CoreOS moves in on cloud DevOps with Kubernetes

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CoreOS is probably still best known for its cloud-friendly CoreOS Container Linux distribution. But that may be changing. CoreOS is now wrapping Kubernetes, the increasingly popular container orchestration program, into its Linux platform.

In March, Kubernetes 1.6 became the first release led by a CoreOS developer. With CoreOS’s latest release of Tectonic, the container-friendly Linux platform, CoreOS has taken over Kubernetes’ leadership.

That’s nice for marketing, but the real news for users came with the release of Tectonic 1.6.2 in May. This new Linux package of containers and DevOps is simple to install in servers and clouds, has robust auditing and logging and the addition of etcd, a distributed data store. This is a big deal because it makes it much easier to run applications that aren’t built to be scaled to run on Kubernetes.

Before diving into that, here’s the bullet list of the latest Tectonic’s new features:

  • Kubernetes 1.6.2
  • Back-end Terraform support for Tectonic Installer on Amazon Web Services (AWS) and bare metal
  • Improved workload separation
  • Improved Role-Based Access Control (RBAC) and audit logging

Terraform’s support of the installer lets you place Kubernetes — without tears — on AWS and any idle servers you have sitting in your data center. The AWS part is the important news. Google Cloud Platform and Microsoft Azure already had native Kubernetes support. AWS was the one big-time public cloud that made using Kubernetes difficult.

But CoreOS changed that earlier this year with the CoreOS Tectonic Installer 1.5.5, which will soon be available under an open-source license. It already enables you to set up Kubernetes clusters on Azure and the OpenStack Infrastructure-as-a-Service (IaaS) cloud.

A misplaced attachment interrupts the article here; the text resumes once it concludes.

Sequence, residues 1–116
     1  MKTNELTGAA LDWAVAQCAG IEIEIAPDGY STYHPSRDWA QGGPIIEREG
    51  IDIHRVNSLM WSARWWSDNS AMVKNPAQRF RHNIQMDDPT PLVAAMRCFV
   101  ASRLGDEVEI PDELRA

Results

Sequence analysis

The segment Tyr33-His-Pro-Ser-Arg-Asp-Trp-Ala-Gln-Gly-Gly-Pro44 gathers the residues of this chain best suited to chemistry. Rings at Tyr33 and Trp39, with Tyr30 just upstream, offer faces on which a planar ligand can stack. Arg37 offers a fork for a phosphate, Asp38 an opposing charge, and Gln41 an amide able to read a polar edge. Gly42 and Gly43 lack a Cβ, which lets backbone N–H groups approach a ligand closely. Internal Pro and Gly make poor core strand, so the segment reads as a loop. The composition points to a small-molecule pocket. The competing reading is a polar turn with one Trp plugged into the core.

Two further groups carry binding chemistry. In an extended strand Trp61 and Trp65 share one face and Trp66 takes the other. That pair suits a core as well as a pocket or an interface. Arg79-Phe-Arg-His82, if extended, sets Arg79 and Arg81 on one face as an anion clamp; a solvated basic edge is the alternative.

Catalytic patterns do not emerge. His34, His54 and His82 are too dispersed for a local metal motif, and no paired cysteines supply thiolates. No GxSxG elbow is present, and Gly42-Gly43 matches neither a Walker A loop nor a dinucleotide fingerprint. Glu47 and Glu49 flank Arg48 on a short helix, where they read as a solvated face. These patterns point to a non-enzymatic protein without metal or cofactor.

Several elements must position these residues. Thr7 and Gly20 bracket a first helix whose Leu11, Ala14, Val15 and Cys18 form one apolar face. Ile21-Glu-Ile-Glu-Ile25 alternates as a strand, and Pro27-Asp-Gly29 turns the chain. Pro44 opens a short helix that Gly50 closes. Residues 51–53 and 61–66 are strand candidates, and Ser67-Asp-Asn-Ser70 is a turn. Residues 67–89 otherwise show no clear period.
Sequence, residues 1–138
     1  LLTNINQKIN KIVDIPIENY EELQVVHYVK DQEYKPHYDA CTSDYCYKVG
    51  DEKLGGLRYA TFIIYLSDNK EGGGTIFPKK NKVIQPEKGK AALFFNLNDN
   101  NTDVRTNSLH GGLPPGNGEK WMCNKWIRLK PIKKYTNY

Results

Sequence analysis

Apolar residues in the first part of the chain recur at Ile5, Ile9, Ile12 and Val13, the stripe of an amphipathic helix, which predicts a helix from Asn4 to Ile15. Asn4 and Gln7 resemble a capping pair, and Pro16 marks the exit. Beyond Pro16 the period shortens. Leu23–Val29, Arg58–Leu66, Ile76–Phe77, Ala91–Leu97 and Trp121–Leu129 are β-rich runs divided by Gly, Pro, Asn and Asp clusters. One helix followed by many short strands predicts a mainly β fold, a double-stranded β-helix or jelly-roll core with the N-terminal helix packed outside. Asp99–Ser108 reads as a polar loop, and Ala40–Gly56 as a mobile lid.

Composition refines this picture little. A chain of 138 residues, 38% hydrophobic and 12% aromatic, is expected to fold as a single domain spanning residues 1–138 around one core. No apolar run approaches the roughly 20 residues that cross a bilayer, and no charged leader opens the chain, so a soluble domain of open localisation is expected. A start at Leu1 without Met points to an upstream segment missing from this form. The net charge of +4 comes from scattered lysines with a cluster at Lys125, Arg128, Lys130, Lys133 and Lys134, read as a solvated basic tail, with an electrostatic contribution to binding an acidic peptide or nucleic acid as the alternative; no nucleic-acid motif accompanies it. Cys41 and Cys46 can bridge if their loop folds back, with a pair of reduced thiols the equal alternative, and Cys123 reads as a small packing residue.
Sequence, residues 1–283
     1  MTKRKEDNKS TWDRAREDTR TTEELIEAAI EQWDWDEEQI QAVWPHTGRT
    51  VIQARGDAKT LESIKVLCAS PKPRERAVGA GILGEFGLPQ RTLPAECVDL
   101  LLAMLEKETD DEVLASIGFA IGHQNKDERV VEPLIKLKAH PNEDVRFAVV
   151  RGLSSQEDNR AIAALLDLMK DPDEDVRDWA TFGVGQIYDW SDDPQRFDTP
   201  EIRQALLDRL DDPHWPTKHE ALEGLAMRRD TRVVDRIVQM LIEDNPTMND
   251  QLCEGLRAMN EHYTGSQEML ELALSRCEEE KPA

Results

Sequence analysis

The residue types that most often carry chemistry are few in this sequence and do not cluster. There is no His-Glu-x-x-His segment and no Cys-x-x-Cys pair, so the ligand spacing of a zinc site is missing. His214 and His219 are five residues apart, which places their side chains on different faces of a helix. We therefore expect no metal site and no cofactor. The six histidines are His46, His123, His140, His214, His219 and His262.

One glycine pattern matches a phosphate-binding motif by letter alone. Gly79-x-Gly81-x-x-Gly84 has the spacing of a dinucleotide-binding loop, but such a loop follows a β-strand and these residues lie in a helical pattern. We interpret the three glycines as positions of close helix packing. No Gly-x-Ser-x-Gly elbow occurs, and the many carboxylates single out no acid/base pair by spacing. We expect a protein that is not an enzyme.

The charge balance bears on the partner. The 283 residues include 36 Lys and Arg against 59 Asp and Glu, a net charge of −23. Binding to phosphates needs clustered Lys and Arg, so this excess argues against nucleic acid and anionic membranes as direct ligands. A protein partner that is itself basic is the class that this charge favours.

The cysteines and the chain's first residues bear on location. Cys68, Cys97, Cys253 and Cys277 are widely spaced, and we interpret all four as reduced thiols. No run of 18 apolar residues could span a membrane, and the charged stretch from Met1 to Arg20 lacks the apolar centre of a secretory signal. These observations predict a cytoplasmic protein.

The improved workload separation takes advantage of beta support for Kubernetes’ taints, tolerations and pod affinity. This helps make a clear separation between control-plane and user workloads. Speaking not just for myself, but for sysadmins everywhere, this is a big step forward. I’m looking forward to it moving from beta to general availability.

This also improves the reliability of the control plane by spreading the services across multiple nodes. Workload separation is enabled by default when users deploy multiple controllers and worker nodes.

RBAC makes assigning roles on a container cluster much easier. Adding audit logging, a required feature in some industries, is also a major win. The data from these logs can be sent to Elasticsearch or hosted services such as Loggly and AWS Cloudwatch, for analysis.

That’s all good news for CoreOS, but wait, there’s more!

The Cloud Native Computing Foundation (CNCF) has approved CoreOS’s Container Networking Interface (CNI) as one of its projects. This is a method for hooking containers up to networking resources.

All of this, mind you, has happened in the last few months. These days we’re used to having technology move forward at a manic rate. Even by our modern standards, though, CoreOS is really pushing the envelope of cloud, container and DevOps technologies.

Interested in giving all this a try? You can deploy self-driving Kubernetes with Tectonic for free on AWS with up to 10 nodes to get a feel for this road to container management.



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  1. Scott Samuels says:

    Do you see Linuxkit taking ground off CoreOS in this space?


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